Mike countered that community does not mean that everyone gets along. It is a group of people who live and do things together and who can more or less rely on each other when things are needed. He described it as the difference between like and love. When you love people you do things for them because they need it. It is not about the "warm -fuzziness," it is simply a way of relating. It is just what you do.
We then talked about how communities form around needs; but what if there is no obvious need? Can we create a common need? One need that was brought forward for SILC was sustainability. There was a debate about whether this was truly a need or an ideal. Is it strong enough of a need to pull us together and help form this community?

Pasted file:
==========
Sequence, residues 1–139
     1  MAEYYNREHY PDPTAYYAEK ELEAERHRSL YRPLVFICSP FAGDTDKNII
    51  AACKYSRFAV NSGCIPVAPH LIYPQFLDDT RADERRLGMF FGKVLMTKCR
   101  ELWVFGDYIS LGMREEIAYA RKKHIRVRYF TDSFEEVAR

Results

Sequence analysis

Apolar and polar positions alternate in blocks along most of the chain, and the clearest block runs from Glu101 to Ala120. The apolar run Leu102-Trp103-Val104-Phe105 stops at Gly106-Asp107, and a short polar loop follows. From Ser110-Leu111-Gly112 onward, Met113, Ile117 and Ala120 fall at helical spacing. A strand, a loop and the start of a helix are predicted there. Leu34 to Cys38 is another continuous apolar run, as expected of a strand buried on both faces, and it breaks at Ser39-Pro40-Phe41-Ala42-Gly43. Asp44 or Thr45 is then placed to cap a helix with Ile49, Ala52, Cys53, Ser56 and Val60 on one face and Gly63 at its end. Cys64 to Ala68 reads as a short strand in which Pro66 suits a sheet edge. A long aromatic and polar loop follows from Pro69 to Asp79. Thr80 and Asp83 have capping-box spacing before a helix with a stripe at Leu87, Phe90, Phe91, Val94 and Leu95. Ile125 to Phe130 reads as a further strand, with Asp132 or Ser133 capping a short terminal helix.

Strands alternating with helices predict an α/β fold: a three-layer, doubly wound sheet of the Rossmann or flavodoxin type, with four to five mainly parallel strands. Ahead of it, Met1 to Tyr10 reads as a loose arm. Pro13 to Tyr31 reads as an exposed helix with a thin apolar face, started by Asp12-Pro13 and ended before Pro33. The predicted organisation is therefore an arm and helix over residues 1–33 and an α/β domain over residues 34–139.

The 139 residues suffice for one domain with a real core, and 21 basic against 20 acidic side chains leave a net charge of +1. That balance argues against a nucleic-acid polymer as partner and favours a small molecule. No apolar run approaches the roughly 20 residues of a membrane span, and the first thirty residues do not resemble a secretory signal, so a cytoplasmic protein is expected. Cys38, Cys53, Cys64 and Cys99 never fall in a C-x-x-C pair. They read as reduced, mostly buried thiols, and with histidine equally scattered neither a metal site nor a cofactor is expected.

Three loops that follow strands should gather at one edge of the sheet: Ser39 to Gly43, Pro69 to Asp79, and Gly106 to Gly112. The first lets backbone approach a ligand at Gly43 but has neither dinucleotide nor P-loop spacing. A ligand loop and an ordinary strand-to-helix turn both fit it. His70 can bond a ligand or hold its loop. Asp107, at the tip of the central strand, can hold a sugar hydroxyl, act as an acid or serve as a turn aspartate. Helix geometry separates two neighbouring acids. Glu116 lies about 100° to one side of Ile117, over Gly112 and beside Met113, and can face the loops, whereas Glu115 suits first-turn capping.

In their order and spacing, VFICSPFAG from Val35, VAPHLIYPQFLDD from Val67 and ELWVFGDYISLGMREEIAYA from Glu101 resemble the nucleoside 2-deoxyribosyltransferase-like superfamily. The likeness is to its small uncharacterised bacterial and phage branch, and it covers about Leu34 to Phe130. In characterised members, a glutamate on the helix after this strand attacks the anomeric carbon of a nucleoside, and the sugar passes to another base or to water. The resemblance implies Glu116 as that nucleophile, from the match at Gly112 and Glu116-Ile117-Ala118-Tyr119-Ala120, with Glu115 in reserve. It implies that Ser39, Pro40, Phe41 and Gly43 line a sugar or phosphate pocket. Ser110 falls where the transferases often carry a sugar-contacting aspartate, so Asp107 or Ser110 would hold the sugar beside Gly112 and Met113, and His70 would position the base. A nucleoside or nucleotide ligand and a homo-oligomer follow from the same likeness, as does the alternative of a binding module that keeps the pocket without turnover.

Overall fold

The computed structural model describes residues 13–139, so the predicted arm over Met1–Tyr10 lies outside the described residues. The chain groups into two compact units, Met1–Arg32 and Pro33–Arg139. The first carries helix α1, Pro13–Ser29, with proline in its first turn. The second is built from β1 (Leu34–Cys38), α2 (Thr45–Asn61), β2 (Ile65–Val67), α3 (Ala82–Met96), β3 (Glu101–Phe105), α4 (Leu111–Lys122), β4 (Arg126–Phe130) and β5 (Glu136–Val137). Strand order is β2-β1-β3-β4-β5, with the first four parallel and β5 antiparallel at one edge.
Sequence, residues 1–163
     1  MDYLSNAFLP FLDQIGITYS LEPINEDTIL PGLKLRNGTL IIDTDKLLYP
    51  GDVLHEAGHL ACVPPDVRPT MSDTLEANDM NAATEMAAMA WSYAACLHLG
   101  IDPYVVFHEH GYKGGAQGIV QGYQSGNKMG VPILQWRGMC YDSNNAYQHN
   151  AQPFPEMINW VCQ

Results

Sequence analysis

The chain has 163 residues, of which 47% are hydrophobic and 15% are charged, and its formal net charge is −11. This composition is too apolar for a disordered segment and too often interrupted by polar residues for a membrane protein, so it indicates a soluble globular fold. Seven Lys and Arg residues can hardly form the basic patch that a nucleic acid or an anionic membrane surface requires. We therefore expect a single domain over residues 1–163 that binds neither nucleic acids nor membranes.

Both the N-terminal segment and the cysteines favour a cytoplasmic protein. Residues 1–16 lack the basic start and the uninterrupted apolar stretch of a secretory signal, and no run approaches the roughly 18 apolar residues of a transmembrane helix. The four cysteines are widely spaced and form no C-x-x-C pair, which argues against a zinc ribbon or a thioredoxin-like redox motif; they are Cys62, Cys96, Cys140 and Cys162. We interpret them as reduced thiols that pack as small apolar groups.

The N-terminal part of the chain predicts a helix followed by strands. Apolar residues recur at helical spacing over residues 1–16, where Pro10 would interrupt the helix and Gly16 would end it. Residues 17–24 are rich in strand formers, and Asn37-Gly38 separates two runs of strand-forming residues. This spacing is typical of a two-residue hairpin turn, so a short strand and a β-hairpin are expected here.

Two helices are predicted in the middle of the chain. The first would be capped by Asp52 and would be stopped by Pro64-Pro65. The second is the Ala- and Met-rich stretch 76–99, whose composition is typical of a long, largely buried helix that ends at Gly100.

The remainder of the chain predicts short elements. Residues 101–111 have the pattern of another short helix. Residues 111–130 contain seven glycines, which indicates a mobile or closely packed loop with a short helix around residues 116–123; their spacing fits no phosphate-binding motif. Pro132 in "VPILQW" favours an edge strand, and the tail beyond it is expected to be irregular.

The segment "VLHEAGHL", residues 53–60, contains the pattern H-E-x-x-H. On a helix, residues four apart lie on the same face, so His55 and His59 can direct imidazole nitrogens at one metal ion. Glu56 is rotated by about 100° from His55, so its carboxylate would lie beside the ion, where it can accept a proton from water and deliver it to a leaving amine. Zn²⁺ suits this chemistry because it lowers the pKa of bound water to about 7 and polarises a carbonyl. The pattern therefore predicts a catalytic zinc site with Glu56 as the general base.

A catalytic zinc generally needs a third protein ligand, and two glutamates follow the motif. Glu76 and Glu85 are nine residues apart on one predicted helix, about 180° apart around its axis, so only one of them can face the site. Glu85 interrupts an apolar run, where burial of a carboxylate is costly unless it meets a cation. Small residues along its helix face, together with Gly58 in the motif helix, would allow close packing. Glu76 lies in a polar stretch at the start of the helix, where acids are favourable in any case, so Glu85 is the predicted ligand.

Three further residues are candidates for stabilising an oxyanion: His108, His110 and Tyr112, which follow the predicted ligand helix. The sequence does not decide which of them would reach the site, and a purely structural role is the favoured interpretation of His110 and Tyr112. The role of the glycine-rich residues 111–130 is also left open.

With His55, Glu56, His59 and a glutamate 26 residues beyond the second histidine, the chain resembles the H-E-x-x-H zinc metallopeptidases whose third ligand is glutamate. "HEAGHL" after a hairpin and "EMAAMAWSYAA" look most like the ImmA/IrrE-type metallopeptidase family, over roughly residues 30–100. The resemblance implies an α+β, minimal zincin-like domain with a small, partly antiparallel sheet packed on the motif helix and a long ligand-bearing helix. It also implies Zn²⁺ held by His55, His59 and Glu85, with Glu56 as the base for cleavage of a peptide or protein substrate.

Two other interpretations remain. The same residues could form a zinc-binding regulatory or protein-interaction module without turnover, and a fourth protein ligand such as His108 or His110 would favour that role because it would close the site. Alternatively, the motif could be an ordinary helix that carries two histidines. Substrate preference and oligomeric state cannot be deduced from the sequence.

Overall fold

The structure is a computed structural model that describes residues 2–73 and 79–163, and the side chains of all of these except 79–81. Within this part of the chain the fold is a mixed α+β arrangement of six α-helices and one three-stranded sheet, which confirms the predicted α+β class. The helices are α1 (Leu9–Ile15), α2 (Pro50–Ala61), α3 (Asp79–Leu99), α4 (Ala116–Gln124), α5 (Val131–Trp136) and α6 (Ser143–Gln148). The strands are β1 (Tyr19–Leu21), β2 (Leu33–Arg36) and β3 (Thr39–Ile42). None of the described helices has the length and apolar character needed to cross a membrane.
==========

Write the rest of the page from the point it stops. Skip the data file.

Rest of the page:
We see SILC as a way of enabling us to live out the values we believe in. But is the fact that we hold more or less the same values sufficient to make a community that works? Bill shared how it comes down to our personal needs and how they will or will not be fulfilled. If they are being fulfilled, then the community can work.
At this point in the conversation we asked: Why SILC and why now? To our surprise the answers were incredibly varied. For Melanie it was a desire to live out her values of a sustainable lifestyle that she felt she could not do on her own. Derek similarly said it was a chance to be fortified in living with integrity to the values he wants to embody. For Bill it was a chance to build more meaningful and lasting relationships that could support him as he got older. For Vicki it was an opportunity to preserve the beautiful garden that she had spent decades making (Mike and Vicki’s property is going to be part of the site for the intentional community).
Finally, we shared ideas of actions that help build community. Bill laid out beautifully how there are three core components to recognize as we work to foster community together: